While depression is a relatively common occurrence during the perinatal period, suicide is less common in pregnant and postpartum women than in other populations.  Because suicide in this population is rare, we have limited information regarding risk factors for suicide during the perinatal period. A new study published in Lancet Psychiatry attempts to identify risk factors in this population.

This study analyzed data collected from 1997–2012 as part of the United Kingdom National Confidential Inquiry into Suicides and Homicides by People with Mental Illness.  This database did not include all suicides; it included only suicides by people (age ? 10 years) who had contact with psychiatric services within the previous year. The researchers focused on women between the ages of 16 and 50 years who died by suicide during pregnancy or the first postpartum year (perinatal suicides) and compared this group to a similarly aged women who died by suicide outside of this timeframe (non-perinatal suicides).

A total of 4785 women died by suicide.  A minority of those suicides occurred during the perinatal period (98 or 2%).  Compared with non-perinatal women, women who died by suicide in the perinatal period were more likely to have a diagnosis of depression (adjusted odds ratio [OR] 2.19; p<0·001) and less likely to be receiving any active treatment (OR=0.46) at the time of death. Women who died by suicide within the perinatal period were also more likely to be younger and married (OR=4.46; p<0·0001), with shorter illness duration (OR=2.93; p<0·001).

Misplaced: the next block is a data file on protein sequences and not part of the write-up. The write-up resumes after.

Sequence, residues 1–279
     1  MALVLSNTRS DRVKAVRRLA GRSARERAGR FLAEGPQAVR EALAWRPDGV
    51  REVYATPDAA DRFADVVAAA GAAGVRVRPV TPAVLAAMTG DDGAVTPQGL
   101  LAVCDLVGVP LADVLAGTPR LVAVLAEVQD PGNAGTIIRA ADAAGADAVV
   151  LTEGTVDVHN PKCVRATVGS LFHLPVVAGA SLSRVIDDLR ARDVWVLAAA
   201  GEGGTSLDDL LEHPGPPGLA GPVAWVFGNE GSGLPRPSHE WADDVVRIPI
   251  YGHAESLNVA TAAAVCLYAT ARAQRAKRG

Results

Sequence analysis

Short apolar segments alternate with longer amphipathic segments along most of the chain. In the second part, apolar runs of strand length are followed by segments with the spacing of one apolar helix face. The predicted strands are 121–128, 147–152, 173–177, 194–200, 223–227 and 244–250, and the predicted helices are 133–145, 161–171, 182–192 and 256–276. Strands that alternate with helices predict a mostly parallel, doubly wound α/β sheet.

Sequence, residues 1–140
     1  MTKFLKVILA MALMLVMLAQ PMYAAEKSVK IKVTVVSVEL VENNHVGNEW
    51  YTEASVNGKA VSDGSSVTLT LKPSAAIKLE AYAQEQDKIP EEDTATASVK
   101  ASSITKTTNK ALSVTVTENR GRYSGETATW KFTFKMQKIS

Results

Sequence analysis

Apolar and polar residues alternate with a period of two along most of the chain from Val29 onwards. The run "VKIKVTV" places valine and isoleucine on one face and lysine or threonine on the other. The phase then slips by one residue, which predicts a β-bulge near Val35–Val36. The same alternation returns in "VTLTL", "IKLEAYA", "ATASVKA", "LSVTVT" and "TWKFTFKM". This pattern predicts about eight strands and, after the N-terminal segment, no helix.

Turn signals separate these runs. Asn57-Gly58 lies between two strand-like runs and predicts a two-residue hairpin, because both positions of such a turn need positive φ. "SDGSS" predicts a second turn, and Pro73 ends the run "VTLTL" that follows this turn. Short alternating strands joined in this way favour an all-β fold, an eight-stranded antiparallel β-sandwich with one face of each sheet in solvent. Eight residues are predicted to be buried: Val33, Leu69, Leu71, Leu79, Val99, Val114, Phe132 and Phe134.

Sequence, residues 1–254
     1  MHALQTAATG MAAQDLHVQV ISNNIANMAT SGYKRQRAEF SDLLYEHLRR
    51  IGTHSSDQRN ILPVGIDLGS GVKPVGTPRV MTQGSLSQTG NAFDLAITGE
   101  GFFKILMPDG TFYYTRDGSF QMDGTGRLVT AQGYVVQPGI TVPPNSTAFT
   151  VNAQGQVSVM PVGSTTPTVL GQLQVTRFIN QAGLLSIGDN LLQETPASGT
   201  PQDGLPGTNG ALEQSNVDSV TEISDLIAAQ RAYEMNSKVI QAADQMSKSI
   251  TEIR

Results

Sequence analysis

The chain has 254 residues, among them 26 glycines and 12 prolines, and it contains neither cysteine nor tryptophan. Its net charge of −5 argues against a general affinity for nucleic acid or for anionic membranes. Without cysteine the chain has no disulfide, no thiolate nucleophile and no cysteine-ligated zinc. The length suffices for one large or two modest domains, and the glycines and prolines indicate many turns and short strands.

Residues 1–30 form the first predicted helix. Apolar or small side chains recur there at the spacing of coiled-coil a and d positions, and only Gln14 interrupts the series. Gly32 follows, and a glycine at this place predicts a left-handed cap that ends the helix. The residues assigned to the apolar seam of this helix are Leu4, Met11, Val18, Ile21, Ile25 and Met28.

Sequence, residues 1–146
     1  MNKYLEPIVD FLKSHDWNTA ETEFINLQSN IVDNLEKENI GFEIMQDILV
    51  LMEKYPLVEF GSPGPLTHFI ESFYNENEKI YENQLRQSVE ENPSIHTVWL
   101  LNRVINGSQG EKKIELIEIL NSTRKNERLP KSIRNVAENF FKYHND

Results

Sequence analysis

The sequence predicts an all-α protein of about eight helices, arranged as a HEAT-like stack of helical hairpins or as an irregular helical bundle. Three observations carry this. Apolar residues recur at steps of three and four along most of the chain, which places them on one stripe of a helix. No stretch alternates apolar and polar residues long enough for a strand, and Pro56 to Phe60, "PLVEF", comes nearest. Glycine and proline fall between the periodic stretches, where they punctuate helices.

So how can we use this information to help us identify the women at greatest risk for suicide?  First of all, it must be noted that this study analyzed risk factors only in women who had contact with psychiatric services during the past year.  Thus, women who had not any contact with psychiatric services would not have been included. Most importantly, this analysis may not include women with their first episode of postpartum psychosis, and we know that this population carries a very high risk of suicide.

In other populations at higher risk for suicide, predicting who is at greatest risk for suicide continues to be a challenge.  Thus, it will be even harder to reliably predict risk in a population where suicide is so rare. What makes the perinatal population different from other populations is that they often discontinue or change treatment in the setting of pregnancy and the postpartum period.  This study did indicate that not being in active treatment increases risk for perinatal suicide. So one could surmise that maintaining treatment during pregnancy and the postpartum period, or at the very least closely monitoring women who elect to discontinue treatment with medication, may help to diminish risk for perinatal suicide.   

Ruta Nonacs, MD PhD

Suicide in perinatal and non-perinatal women in contact with psychiatric services: 15 year findings from a UK national inquiry.

Khalifeh H, Hunt IM, Appleby L, Howard LM.  Lancet Psychiatry. 2016 Mar;3(3):233-42.

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